There’s this great podcaster in the farming/sustainability/permaculture field that I’ve listened to regularly for years. His name is Diego. D-I-E-G-O.
He has, I glean, a very motivated, type-A, get ‘er done, accomplishment-driven personality. He’s also the father to three young daughters. I’ve listened to Diego explain in emotional terms, with voice breaking, the very real conflict he feels between being a dad, and being a do-er.
I listen to him, and it just takes me back. I remember struggling in exactly the way he describes.
Like all parents, he knows there’s this ideal where you slow down, radiate constant availability, and move at the pace of a young child following a snail through the garden.
And then there’s reality. All the love in the world, but also…
- Your To Do list, nagging in the back of your mind.
- This feeling that you are being squeezed all the time, from all directions, and no matter how hard you work, or how organized you are, you can’t quite get out of the vice.
- A sense that those adorable, busy, tiny hands are thwarting your simple need for some adult accomplishment.
- The unbidden resentment when the 45 minutes you counted on to just get this one thing done evaporates as your kid unexpectedly vomits warm, semi-digested California roll down your back (true story).
So many conflicted feelings.
The delicate balance between being the parent you want to be, doing the stuff you need to do, and also checking off some of the things you just want to do can be hard to strike. It’s not, “childcare vs. career vs. canning” – that mischaracterizes this common frustration that Diego beautifully gives voice to.
It’s really a conflict between various needs that all deserve effort and attention, but which can never all be 100% satisfied at the same time. There’s the need of the child to be cared for, bumping up against the need of the parent for identity and reasonable self-fulfillment in their professional and personal endeavors.
Ka-boom: age old conflict. One of two things happens next.
1. Self actualization can wait, but changing diapers can’t. So our parent who finds joy in gettin’ stuff done, doing art, taking the chaotic and bringing it to order, gardening or whatever – he submits to the reality of having young children, shelves that part of himself for awhile, and quietly stews in frustrated tension.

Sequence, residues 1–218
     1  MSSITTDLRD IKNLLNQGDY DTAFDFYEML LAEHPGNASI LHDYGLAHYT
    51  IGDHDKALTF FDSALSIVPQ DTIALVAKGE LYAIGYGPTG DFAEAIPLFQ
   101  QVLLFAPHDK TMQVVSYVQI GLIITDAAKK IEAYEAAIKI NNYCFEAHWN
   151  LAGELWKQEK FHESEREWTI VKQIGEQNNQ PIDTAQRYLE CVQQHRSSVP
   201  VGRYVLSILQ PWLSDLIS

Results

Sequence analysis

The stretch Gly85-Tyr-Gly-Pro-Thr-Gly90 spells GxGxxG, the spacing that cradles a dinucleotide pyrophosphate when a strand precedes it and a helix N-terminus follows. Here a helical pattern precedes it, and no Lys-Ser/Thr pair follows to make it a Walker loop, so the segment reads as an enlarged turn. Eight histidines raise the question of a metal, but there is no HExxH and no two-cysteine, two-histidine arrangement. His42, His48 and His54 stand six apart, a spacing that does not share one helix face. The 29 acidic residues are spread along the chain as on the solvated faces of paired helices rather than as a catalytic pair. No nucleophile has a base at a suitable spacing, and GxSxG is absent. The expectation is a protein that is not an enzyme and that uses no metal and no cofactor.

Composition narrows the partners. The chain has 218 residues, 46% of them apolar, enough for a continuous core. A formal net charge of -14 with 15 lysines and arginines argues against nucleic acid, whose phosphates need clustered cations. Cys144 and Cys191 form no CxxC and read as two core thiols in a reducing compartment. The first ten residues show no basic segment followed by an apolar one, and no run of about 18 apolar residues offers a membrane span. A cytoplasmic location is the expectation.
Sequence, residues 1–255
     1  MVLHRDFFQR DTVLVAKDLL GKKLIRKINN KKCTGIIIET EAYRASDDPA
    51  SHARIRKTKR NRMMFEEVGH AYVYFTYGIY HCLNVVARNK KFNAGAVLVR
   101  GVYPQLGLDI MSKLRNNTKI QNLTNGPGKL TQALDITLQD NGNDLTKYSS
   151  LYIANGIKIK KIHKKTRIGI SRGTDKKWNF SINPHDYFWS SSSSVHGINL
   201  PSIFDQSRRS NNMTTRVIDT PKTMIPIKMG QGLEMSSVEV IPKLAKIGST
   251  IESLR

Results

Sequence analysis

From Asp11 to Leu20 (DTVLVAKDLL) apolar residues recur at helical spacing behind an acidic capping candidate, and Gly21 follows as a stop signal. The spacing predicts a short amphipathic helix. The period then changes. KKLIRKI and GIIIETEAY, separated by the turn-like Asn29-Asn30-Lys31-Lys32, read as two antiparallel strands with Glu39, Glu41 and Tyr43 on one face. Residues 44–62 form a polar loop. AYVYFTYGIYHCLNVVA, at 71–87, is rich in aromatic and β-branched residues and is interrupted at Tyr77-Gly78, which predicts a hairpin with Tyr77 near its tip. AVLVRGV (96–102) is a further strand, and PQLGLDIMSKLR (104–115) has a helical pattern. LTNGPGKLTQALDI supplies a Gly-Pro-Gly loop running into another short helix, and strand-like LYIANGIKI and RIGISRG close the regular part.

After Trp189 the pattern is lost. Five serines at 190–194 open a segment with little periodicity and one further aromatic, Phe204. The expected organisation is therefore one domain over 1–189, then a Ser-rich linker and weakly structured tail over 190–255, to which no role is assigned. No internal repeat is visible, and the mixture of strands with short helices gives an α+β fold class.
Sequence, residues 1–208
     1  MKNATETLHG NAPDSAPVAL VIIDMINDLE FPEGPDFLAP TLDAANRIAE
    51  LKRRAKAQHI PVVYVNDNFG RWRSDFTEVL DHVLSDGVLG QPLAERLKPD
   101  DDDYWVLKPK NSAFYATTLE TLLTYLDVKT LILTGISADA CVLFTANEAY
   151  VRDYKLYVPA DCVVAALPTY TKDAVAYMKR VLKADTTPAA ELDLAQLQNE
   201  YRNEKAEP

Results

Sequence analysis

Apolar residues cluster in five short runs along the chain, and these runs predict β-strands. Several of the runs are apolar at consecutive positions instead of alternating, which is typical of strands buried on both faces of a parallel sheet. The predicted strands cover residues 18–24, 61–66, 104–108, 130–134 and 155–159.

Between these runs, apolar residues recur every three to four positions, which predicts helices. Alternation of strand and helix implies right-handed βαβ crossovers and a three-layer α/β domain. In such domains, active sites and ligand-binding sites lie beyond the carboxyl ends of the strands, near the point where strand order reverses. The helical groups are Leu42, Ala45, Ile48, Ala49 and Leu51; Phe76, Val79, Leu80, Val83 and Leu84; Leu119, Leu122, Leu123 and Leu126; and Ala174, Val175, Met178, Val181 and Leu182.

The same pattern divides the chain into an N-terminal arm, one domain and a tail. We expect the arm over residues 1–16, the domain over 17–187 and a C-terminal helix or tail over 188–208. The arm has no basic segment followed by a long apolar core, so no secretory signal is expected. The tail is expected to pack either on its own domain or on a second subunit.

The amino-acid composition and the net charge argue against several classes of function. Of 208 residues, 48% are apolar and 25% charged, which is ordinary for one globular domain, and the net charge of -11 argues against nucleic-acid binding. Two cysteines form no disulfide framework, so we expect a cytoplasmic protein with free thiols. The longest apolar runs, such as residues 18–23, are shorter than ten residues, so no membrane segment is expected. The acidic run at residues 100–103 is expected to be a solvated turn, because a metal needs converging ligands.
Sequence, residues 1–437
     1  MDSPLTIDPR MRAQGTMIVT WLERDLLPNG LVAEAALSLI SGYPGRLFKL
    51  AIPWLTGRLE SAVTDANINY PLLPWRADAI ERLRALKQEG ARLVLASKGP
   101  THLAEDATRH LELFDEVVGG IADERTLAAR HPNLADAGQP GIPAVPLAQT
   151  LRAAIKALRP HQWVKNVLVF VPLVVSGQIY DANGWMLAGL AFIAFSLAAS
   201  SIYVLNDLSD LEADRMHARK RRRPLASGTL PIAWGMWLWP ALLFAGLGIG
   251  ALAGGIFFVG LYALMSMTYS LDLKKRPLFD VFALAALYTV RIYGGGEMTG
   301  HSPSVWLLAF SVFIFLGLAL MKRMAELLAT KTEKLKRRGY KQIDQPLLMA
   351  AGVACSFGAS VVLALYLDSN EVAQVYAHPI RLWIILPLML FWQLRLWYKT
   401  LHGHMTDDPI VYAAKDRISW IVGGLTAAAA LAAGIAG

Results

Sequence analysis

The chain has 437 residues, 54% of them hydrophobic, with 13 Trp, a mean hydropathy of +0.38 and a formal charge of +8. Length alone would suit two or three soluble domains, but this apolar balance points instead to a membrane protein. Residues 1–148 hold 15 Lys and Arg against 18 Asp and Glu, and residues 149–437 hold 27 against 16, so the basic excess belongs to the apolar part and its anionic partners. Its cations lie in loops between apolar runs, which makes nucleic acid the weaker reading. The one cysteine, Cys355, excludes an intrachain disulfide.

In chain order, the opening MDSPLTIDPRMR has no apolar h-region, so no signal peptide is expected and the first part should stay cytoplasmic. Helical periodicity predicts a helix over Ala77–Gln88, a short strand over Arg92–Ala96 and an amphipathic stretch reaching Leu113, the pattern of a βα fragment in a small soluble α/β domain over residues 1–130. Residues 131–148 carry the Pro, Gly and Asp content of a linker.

2. Our Type-A parent attempts to keep everyone happy by being-all and doing-all, all the time. She becomes that horrid Doer ad made flesh: busy life, bustling kids, always there for the boss. She multitasks like a mofo while other stuff – sleep, a social connection, self-care or sanity – slowly slips away.
(There’s a third way, which is to simply slow down, do less, enjoy the moment, get help, recognize your self-imposed expectations are insane, and find a healthy balance point. It took surgery that really messed with me before I got even a tiny bit better at this. I have no advice on how to get there without minor medical trauma. Maybe try a meditation app or something.)
Either option leads to resentment or exhaustion if it goes on too long. Eventually our productive parent with young children will vent into his microphone or bang on her keyboard or scream into a pillow, “Why does everything seem so hard?!”
I know I did.
But it’s easier now. You know why? Because my children aren’t very young any more. I turned around three times and now my youngest is nearly 7 and my oldest is 13. A teenager.
Both of them can make themselves food, get themselves dressed, buckle themselves in the car, play unsupervised without getting themselves killed, and generally make their way through a day with very little micromanagement on my part. Both of them can wrangle chickens and a vacuum cleaner, and are required to prove it quite frequently. They are both capable, in an age-appropriate way, of fluently negotiating their environment.
I’m not trying to brag or claim my kids are perfect or that I know what I’m doing – it’s just that they aren’t babies or toddlers anymore, and that makes a huge difference.
I don’t want to sound like one of those obnoxious women who pats a new parent who hasn’t slept in 9,752 hours and says, “Cherish every moment, dearie – it goes by so fast!” But I would like to suggest that, with time, it does get easier.
• • •
I was cooking a frittata a few mornings ago. Mushroom, sausage and swiss cheese – delicious. The mushrooms needed thyme. Mushrooms always need thyme. So I turned to my son. “The tiny shrub outside in the front by the strawberries. It has little purple flowers and teeny, tiny leaves…go grab it like this, then take the scissors and cut off a bunch like this.”
Off Oliver went, and a minute later he was back, a perfect clump of fresh thyme in one hand, scissors held safely point-down in the other: “Here you go, mom.”